The historic Settling House, also known as the Round House, Tally House, or Counting House, sat at the heart of Bury St Edmunds cattle market for over 130 years. The Victorian Gothic building, with its distinctive octagonal design, was rebuilt on the museum site in 2011.
The Settling House was originally used by traders to complete their business, with the toll collector given permission to sell ginger beer and buns. The building soon became the central hub of the cattle market, the place where traders met and tickets to the auctions were handed out.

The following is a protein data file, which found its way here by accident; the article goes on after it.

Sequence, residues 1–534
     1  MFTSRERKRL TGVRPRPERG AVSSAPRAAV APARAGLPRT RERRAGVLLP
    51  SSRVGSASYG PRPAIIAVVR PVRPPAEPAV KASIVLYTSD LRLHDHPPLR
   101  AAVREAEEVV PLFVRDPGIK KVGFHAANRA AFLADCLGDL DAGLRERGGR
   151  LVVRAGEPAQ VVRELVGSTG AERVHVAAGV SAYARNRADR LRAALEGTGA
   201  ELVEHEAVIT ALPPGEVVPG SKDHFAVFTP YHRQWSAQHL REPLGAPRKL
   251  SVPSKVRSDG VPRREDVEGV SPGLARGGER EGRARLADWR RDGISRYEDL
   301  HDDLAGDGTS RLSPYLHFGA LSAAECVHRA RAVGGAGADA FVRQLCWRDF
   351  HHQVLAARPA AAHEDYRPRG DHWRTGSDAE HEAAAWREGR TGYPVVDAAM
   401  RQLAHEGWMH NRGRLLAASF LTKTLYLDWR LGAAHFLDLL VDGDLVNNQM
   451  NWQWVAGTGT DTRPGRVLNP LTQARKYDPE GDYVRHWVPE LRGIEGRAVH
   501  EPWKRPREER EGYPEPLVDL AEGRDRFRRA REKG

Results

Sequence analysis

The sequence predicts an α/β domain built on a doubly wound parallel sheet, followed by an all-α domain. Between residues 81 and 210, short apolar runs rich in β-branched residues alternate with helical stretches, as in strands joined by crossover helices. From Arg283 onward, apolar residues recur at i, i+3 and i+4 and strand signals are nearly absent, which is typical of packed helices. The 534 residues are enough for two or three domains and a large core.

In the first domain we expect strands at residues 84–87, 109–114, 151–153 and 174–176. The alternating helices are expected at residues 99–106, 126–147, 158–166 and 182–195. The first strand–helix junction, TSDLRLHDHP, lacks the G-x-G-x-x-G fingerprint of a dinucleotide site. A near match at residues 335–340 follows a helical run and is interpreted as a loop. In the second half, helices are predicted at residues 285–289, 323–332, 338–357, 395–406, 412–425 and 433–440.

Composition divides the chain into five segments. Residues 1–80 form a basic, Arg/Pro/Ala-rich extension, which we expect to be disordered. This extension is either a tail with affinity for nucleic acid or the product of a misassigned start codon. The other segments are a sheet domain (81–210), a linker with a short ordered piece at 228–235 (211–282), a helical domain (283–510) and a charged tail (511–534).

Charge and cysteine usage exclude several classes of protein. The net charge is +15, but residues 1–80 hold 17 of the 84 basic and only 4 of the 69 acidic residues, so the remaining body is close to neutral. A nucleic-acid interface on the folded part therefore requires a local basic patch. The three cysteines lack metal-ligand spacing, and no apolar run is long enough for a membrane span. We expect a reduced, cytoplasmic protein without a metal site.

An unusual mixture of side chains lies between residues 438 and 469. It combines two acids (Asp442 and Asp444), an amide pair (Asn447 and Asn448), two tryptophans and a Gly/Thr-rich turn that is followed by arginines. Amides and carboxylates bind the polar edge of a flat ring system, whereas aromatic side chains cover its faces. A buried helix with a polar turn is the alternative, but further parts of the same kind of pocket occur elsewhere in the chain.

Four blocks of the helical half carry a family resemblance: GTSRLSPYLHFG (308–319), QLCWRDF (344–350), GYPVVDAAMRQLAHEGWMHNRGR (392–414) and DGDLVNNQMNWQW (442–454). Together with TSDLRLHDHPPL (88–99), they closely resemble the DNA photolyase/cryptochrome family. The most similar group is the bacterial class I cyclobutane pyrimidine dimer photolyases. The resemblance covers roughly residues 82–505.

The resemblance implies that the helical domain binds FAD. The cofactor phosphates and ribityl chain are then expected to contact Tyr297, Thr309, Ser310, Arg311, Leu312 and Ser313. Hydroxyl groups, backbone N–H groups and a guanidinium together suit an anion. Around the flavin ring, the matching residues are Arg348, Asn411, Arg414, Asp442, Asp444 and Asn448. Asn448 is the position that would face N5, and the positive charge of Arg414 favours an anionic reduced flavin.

At the Museum, this building represents a time when the market was not just a place for meeting people and doing business but the symbolic meeting point between town and country, and the place where the dependence of one upon the other was most apparent.
Inside you can see illustrations of the cattle market by David Gentleman, showing the meeting of old and new, with horse and car being auctioned in the same scene.